Tuesday, June 20, 2006

Experimental D&D

My group is starting a new game, Eberron, with Mark DMing it. At first I wasn't too thrilled because I wanted to get into something a little more narrativist. Anyway, the form the game has ended up taking is actually a bit of an experiment.

Essentially, the players are all running characters that want to go treasure hunting. We all have various reasons for doing this along with goals for said treasure. Since it's Eberron and we're basing it out of Morgrave University, we're doing treasure hunting Indiana Jones-style. In addition to a player-stated goal, we have one-word traits determined by the player for their character (one trait per character).

These little embellishments would be easily thrown away in a D&D game with the exception of Eberron's action points. We tied action point rewards to specifically pursuing the stated goal and playing up the character's trait. These goals and traits can be changed, but a player can never go back to the same goal and/or trait once it's been changed. The action points are spent in the traditional way, but with one exception. In situations directly pertaining to the player's stated goal, the player may use up to three action points on a roll (that's 3d6 plus the normal d20 at our low levels).

In addition to the player-determined rewards add-on we've got going, we've decided to go with conflict resolution and setting stakes for the rolls outside of round-based combat. I, personally, had great success with this by using my character's bluff and diplomacy rolls when dealing with some victimized (but still very much undead and dangerous) inhabitants. As we progress in the game, I plan to keep track of how these little add-ons work with our more reticent players (the ones that essentially "turtled" in our Burning Wheel games).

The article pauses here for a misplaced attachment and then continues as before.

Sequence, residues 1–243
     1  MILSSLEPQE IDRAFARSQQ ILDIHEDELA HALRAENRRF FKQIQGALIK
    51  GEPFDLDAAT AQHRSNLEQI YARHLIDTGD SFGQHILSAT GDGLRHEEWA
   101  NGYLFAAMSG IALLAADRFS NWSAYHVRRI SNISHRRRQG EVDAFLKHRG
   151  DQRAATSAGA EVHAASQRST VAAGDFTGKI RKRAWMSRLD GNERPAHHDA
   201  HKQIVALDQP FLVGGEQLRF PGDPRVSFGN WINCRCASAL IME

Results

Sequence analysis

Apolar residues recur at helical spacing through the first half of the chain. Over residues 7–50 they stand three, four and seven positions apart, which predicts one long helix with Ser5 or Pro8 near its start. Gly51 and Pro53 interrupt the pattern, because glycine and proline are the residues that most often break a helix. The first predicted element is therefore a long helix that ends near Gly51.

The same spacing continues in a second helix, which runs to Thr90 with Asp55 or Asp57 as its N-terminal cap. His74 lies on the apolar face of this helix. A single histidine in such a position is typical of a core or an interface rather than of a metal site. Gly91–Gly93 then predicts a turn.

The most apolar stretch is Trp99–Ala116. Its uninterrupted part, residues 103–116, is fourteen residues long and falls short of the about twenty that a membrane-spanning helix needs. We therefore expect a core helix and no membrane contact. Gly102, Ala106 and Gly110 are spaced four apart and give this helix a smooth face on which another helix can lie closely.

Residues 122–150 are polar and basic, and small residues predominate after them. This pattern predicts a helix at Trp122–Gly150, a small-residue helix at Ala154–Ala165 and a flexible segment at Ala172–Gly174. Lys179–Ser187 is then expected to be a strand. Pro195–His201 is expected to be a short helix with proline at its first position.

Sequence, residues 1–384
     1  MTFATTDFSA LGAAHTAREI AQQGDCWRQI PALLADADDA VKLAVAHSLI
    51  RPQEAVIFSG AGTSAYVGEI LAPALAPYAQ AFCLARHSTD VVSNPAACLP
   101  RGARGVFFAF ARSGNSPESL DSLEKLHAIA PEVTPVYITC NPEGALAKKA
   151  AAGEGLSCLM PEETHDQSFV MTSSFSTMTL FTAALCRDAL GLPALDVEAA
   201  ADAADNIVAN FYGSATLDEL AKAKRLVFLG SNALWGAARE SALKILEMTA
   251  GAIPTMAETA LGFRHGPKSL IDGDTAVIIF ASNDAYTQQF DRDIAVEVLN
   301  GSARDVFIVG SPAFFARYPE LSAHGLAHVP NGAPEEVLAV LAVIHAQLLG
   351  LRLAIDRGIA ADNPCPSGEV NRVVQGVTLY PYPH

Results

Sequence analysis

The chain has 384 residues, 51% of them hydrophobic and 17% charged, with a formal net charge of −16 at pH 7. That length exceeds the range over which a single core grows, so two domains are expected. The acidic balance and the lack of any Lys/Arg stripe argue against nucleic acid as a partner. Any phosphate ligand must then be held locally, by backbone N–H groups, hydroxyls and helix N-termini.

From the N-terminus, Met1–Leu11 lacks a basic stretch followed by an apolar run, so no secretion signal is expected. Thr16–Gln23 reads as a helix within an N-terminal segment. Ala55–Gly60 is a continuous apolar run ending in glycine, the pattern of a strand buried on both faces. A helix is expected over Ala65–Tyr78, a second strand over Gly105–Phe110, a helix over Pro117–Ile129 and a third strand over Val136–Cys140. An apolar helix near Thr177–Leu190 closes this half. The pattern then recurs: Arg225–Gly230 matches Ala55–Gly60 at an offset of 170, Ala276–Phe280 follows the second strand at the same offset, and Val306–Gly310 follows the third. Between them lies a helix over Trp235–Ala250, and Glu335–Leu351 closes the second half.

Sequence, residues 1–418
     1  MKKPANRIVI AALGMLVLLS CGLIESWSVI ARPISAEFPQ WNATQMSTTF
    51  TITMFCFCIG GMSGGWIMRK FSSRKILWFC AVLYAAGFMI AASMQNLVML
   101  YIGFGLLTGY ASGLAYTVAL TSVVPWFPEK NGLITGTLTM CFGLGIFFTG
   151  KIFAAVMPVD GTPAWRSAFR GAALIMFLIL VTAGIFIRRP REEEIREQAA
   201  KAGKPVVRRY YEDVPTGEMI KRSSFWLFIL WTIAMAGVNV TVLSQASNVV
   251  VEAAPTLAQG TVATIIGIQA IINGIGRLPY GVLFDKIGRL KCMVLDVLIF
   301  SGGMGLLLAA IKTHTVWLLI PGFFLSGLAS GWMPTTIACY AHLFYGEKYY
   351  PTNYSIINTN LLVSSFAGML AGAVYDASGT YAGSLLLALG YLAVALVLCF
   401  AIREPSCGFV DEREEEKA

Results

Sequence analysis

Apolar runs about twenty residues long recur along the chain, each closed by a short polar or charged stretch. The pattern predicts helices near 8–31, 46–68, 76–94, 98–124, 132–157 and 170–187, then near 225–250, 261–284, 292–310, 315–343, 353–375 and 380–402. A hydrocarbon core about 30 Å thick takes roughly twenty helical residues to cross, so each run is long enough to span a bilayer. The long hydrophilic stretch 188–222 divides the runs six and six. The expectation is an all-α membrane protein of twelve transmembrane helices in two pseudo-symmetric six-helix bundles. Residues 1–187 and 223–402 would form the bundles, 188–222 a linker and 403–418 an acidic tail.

I'll post later about the actual in-game events of the first session along with some of the stakes set and how some people have started really getting into the traits and goals for action points. The first session was promising, so I hope this hybrid-D&D thing can be a gateway drug back into some more narrativist play for the half of the group that didn't really get into our first experiment with such play - Burning Wheel.

Thursday, June 15, 2006

The New Nintendo

I'll admit, I'm no fan of the Nintendo GameCube and I owned a Game Boy Advance for only a little while, but I've recently changed my my mind on Nintendo. I used to think that they should have gone the way of SEGA. Just stop wasting our time with sub-par hardware and focus on getting your games to as many people as possible. That is, until I bought the Nintendo DS Lite with Metroid Prime: Hunters and Big Brain Academy. I've been playing this thing very often since then, AND, more significantly, my wife has been playing it even more.

The stylus element is key, I think. She's hooked on Big Brain Academy, but she also found the controls for Metroid Prime to be "intuitive." Exactly how Nintendo is touting it's new Wii-mote controller. From the reports at E3, the new Metroid game for Wii will have the same control as the DS Metroid, but instead of the stylus on the touch screen, the Wii-mote will point at the TV. It sounds promising and with the new aesthetic displayed in the DS lite being carried over to the Wii, I may have to break down and get a Nintendo home console this fall. I haven't owned one myself since the old NES 8-bit. That is, if I can beat my wife to the console. We'll definitely have to get a lot of two player games...

Don't worry, Xbox 360, I haven't forgotten about you at all. There's plenty coming out this fall that I want for you.